September 17th, 2010 by Questions
Who can challenge a bankruptcy discharge, on what basis and when?
Posted from: Manitoba
September 18, 2010 at 8:10 am, A licensed trustee said:
The normal list of persons that can “oppose” a person’s discharge include creditors with proven claims, your trustee, and/or the government agency that monitors the bankruptcy process (the Office of the Superintendent of Bankruptcy).
Creditors may oppose if they feel your conduct prior to filing was inappropriate – say you took a $1,000 cash advance the week before you filed. Creditors may also oppose if they feel you have the abvility to repay a greater portion of your debt that you have so far. Our office handles between 300 and 400 proposals and bankruptcies each month and creditors “oppose” in fewer than 1 file per month.
Trustees oppose much more frequently. If you don’t perform all of your required duties within the required timelines then your trustee is not allowed to discharge you from bankruptcy. Instead you are required to appear in Court and explain why you should be discharged when you didn’t do everything that you were supposed to… This happens far too frequently in my opinion, but luckily, if you do what you are supposed to it won’t happen to you.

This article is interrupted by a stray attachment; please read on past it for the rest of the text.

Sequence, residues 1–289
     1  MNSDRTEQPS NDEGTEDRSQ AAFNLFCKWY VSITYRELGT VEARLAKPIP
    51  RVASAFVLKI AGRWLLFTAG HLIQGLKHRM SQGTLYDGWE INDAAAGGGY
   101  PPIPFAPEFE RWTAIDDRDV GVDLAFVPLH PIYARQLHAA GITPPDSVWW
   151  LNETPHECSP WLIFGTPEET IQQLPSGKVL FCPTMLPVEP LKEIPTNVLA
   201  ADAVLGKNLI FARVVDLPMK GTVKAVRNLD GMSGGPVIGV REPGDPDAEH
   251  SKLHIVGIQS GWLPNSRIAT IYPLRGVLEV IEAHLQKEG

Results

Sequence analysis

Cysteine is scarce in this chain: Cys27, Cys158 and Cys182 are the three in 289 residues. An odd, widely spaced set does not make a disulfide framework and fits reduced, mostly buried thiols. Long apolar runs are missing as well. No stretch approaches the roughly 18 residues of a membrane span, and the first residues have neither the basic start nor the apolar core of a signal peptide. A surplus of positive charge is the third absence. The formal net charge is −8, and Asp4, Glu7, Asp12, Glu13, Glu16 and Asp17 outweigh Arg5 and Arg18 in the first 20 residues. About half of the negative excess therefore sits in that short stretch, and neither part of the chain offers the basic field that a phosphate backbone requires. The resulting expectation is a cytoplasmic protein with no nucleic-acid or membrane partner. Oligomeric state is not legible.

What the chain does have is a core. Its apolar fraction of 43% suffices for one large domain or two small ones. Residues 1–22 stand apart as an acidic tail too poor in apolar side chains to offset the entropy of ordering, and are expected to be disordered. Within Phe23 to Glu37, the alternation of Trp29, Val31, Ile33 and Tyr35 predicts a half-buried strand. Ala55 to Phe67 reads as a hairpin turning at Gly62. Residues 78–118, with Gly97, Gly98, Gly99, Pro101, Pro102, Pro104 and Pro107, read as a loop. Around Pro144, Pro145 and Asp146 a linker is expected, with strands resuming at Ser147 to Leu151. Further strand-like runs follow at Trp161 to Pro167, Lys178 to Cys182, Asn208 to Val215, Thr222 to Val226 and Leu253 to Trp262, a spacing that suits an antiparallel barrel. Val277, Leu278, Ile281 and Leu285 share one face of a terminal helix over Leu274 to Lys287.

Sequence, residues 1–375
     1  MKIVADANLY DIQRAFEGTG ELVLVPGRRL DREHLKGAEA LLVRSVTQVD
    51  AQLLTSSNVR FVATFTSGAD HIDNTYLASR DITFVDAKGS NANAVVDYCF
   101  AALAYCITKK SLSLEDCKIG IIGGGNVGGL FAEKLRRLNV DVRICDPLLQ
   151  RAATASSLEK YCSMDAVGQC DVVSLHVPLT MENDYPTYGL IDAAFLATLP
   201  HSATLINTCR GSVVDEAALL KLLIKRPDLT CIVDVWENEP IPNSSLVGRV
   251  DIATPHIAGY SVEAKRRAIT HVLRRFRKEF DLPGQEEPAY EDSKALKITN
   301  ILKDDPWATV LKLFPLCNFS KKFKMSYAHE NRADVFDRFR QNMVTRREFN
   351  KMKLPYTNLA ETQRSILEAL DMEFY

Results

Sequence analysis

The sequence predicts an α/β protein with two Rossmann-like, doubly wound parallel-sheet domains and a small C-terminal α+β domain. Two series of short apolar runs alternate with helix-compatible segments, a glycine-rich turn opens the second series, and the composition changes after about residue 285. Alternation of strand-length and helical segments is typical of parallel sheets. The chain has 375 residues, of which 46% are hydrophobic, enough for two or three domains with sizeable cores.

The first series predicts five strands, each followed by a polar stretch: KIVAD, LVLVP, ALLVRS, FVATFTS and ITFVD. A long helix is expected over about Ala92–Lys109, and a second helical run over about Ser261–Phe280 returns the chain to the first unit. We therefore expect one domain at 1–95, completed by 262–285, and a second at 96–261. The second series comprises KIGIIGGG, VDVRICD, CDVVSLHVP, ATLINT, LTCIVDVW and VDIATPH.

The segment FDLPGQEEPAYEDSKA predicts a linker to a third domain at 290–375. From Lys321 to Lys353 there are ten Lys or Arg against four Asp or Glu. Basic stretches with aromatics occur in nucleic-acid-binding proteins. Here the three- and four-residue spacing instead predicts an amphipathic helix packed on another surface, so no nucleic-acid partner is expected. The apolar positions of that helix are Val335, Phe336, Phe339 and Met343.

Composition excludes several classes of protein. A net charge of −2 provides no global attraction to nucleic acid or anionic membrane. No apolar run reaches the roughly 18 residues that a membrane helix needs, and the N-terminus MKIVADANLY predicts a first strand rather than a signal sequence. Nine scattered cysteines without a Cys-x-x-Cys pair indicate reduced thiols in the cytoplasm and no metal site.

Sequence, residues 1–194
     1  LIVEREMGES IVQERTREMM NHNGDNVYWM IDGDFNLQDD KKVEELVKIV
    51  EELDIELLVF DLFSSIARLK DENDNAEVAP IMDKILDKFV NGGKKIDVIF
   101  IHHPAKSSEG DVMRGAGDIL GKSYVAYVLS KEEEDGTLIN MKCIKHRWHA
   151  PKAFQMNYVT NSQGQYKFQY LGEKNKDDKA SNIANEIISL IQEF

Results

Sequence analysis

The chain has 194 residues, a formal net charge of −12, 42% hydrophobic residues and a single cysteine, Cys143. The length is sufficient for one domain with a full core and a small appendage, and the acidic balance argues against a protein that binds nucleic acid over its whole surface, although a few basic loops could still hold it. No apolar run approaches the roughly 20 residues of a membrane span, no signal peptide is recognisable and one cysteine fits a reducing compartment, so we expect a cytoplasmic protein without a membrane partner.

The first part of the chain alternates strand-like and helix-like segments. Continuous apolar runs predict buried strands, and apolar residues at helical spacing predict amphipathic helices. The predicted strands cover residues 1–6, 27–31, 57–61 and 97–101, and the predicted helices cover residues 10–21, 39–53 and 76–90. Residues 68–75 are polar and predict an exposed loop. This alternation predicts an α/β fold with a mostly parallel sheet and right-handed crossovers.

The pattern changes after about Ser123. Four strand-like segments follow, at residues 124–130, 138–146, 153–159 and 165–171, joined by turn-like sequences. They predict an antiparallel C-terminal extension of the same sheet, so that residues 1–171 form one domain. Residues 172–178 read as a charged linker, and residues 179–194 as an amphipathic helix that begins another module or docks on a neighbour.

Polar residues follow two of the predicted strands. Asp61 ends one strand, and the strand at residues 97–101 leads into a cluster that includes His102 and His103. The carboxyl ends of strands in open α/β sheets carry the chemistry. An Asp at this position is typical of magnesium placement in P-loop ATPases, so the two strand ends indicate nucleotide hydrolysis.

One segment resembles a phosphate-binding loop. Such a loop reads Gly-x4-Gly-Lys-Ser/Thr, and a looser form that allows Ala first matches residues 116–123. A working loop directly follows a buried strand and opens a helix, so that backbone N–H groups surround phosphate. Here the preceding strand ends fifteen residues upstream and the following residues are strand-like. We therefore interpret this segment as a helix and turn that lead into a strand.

The final type of opposition, from the government is very rare indeed – I can’t recall a file in the last 5 years were it has happened.
So, do what you are supposed to do when you are supposed to do it and your bankruptcy should end “automatically in either 9 or 21 months if it is the first timne that you have filed.
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